Her long, straight, dark blonde hair frames a face with serious and sincere eyes. She is one of the young people of Canada--who grew up singing a national anthem with the lines--God keep our land glorious and free! O Canada, we stand on guard for thee--but learned nothing of God as she grew up, and had only scorn for those who believed.
Like many young people, Jennifer had dabbled in paganism and the occult--nothing serious--just curiosity--but she thought Christianity really stupid. A history major, she knew that religion, including Christianity, had been the catalyst for much trouble and inhumanity over the centuries. Besides, she had never met anyone who could defend the Christian faith. There was one girl in high school who believed, "But," she said, "We could all talk circles around her."
Her mother and sister had a nominal faith. They believed in God, but didn't practice their faith in any way--they didn't go to church or read the Bible. They were probably typical of another cross section of Canadian society, who would call themselves Christians if asked. Her parents are divorced and her father is an atheist.
Yet Jennifer is currently part way through her studies for a Master of Divinity degree and involved in pastoral ministry to disadvantaged youth. What happened to change the course of her life?
A year and a half ago, Jennifer was engaged to be married and living with her fiance, when over the course of six months, without being around Christians, the Holy Spirit rolled away the stone that had been over her heart. She was working in a bookstore when one day a young woman came to her cash register with a New Testament "Bible-zine" entitled, Becoming. Jennifer asked, "What is this?"--she didn't know whether to punch it in as a book or a magazine (the tax would be different depending on which it was).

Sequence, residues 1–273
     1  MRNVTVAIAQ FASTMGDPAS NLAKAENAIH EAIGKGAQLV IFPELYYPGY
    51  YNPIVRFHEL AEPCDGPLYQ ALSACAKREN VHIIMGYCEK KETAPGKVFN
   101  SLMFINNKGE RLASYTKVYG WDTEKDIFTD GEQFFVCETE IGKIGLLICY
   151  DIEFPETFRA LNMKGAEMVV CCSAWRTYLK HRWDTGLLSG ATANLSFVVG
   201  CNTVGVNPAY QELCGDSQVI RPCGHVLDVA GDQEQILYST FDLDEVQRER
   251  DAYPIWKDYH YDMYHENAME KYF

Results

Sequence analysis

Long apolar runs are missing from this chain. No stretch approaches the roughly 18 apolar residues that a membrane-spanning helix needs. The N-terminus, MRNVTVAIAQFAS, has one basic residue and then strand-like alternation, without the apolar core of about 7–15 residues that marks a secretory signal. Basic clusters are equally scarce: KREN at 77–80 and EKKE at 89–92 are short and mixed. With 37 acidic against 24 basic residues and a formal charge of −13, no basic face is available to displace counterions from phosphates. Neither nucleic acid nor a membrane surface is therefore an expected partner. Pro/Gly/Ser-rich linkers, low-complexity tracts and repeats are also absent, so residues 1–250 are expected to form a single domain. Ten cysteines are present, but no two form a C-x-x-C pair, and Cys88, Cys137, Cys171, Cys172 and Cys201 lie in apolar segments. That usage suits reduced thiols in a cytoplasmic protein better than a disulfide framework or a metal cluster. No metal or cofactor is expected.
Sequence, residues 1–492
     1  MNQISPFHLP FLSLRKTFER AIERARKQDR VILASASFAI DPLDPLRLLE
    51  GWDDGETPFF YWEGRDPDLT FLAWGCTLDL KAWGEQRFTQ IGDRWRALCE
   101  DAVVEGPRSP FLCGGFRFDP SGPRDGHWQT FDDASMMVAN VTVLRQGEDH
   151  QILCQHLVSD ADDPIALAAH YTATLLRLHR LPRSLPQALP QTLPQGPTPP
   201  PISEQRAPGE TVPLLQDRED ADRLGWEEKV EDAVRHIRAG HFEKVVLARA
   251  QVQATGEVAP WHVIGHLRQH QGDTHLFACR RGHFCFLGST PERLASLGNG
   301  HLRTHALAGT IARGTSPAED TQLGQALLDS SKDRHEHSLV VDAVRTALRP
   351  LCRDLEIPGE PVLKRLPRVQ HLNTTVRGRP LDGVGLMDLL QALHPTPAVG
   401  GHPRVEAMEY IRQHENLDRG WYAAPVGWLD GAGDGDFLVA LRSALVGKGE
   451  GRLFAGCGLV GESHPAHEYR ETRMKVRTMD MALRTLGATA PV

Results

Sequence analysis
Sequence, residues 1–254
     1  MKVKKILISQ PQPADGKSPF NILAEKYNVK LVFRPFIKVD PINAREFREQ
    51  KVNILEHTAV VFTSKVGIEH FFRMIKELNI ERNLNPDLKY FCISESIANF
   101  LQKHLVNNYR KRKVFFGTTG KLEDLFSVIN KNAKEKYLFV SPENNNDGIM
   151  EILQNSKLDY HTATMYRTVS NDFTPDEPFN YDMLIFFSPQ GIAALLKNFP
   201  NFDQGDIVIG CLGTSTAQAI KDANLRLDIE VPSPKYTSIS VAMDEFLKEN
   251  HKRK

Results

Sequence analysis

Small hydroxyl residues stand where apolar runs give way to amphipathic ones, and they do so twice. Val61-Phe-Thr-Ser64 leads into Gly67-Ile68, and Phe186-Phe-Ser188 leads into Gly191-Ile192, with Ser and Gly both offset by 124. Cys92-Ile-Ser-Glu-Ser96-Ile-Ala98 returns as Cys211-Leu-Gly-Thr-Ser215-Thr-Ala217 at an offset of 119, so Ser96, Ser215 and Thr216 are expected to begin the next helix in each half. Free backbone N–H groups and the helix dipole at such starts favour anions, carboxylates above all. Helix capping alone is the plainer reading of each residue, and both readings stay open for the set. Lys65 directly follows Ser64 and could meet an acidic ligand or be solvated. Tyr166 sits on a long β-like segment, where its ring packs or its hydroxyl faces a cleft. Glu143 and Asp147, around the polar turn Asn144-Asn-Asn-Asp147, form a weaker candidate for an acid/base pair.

"It's a New Testament," the girl said.
"Okay..." said Jennifer.
"Yeah, you should get one."
Jennifer did get one and read it. She found it an interesting format, with the many side-bars. Next she found a copy of Mere Christianity by C. S. Lewis and read that too. Since she was preparing to be married, she was thinking about children. She wasn't sure she wanted to bring children into the world, but she thought that if she had children, it would be good to take them to church. She thought they would learn good moral teachings and how to be good human beings. So she started visiting churches.
Meanwhile, Jennifer's fiance didn't want to go to church with her and was openly antagonistic. As Jennifer continued to listen to the Word of God being preached, she began to realize that if what she was reading and hearing was true--as she was beginning to believe it was--she needed to make some changes in her life. She broke off her engagement and moved home to live with her mother.
Jennifer's mother began to attend church with her and her faith began to come alive. Her sister also moved back home and while she initially preferred to sleep in on Sunday mornings, she gradually started attending church regularly. Both Jennifer's mother and sister are now involved in church ministry.
Jennifer's boyfriend now is a pastor. Her father (the atheist) will visit church when her boyfriend is preaching.
As she concluded her story Jennifer said, "I often think of that girl in high school who tried to tell us why she believed. I'm sorry for how we treated her and would love to tell her that."
A soul's journey--against all odds--but God's.